Shigellosis, also known as bacillary dysentery in its most severe manifestation, is a foodborne illness caused by infection by bacteria of the genus Shigella. Shigellosis rarely occurs in animals other than humans and other primates like monkeys and chimpanzees. The causative organism is frequently found in water polluted with human feces, and is transmitted via the fecal-oral route. The usual mode of transmission is directly person-to-person hand-to-mouth, in the setting of poor hygiene among children. In some strains ten to fifteen (10-15)% of people affected will die. In the developing world, Shigella causes approximately 165 million cases of severe dysentery and more than 1 million deaths each year, mostly in children. Shigella also causes approximately 580,000 cases annually among travelers and military personnel from industrialized countries.
Symptoms may range from mild abdominal discomfort to full-blown dysentery characterized by cramps, diarrhea, fever, vomiting, blood, pus, or mucus in stools or tenesmus. Onset time is 12 to 50 hours.
Infections are associated mucosal ulceration, rectal bleeding, drastic dehydration; fatality may be as high as 10-15% with some strains. Reiter's disease and hemolytic uremic syndrome are possible sequelae that have been reported in the aftermath of shigellosis.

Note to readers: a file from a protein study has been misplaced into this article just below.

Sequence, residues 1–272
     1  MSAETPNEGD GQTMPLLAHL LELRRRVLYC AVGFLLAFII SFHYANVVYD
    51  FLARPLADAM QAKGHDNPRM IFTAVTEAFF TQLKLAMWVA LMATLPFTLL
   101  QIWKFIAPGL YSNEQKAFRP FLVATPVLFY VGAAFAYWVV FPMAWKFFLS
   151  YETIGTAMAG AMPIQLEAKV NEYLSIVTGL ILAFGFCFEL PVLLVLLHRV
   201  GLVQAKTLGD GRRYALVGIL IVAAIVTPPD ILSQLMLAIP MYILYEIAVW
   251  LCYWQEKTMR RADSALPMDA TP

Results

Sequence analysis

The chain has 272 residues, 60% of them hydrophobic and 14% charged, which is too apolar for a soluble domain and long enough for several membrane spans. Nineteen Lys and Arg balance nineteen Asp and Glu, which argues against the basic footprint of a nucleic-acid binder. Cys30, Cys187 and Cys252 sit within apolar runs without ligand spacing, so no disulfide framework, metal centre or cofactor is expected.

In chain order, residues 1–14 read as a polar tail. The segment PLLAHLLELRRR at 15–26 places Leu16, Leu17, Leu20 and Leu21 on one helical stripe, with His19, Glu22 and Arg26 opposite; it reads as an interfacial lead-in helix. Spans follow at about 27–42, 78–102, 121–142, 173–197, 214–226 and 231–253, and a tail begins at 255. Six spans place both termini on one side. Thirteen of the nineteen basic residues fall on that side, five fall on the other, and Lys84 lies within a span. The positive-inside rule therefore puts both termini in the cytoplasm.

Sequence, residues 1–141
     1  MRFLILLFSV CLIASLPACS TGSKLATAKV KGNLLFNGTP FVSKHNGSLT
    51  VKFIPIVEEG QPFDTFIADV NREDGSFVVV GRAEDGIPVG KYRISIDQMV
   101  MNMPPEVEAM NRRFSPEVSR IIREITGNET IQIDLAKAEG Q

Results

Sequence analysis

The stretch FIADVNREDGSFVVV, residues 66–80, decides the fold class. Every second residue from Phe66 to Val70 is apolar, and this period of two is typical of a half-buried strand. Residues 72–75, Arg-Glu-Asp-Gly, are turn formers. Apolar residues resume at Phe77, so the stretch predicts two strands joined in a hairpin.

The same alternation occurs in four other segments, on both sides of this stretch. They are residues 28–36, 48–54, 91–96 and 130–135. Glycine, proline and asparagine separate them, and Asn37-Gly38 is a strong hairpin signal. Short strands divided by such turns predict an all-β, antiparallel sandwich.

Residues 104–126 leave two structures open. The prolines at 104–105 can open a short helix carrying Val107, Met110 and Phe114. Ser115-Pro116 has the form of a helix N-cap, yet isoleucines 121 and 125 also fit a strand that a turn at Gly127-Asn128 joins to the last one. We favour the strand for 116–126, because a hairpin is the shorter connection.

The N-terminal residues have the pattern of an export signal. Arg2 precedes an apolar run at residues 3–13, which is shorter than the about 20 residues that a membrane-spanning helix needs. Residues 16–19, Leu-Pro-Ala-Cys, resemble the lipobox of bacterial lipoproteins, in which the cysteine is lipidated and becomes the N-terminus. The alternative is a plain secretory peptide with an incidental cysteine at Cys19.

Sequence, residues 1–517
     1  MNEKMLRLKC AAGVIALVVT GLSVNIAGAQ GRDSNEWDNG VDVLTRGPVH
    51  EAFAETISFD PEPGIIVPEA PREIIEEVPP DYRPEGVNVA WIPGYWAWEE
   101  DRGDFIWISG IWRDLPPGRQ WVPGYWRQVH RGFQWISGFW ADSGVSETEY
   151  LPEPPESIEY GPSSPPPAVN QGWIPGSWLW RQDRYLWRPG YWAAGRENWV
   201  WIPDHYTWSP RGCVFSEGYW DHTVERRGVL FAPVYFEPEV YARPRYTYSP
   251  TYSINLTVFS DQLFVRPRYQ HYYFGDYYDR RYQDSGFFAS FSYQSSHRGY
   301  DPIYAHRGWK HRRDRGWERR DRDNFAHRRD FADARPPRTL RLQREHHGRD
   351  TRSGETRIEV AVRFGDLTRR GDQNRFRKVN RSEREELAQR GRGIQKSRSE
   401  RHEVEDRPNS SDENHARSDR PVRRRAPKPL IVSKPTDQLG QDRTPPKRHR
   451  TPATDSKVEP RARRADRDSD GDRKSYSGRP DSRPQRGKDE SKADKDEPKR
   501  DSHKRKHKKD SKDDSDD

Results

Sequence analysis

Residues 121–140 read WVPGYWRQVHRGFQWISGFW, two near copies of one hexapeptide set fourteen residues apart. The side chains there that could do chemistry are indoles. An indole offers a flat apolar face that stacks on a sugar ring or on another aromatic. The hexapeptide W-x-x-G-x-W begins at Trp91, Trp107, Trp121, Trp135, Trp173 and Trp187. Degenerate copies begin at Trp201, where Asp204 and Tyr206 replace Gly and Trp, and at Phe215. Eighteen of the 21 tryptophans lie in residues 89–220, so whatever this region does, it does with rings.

Shigella can be transmitted through food. Food known to do so includes salads (potato, tuna, shrimp, macaroni, and chicken), raw vegetables, milk and dairy products, and meat. Contamination of these foods is usually through the fecal-oral route. Fecally contaminated water and unsanitary handling by food handlers are the most common causes of contamination.
An estimated 18,000 cases of shigellosis occur annually in the United States. Infants, the elderly, and the infirm are susceptible to the severest symptoms of disease, but all humans are susceptible to some degree. Individuals with Acquired Immune Deficiency Syndrome (AIDS) are more frequently infected with Shigella. Shigellosis is a more common and serious condition in the developing world.
Full article ▸